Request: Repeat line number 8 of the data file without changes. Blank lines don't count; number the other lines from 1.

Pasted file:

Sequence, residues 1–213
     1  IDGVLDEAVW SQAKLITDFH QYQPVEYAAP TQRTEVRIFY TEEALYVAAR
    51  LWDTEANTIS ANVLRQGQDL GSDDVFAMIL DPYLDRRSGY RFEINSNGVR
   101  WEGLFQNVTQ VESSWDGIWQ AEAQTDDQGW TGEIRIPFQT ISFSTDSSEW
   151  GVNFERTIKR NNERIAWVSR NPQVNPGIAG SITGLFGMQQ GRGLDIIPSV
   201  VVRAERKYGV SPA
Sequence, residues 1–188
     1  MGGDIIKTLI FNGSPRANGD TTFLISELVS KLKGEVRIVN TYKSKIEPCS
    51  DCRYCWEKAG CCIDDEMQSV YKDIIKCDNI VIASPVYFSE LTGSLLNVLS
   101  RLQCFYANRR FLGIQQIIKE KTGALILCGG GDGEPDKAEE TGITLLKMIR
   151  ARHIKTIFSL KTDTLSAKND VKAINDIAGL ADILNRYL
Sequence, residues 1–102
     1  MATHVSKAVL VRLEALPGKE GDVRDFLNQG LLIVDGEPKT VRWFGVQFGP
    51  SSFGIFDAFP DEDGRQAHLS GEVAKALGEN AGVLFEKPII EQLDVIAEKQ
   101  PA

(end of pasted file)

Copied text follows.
     1  MGGDIIKTLI FNGSPRANGD TTFLISELVS KLKGEVRIVN TYKSKIEPCS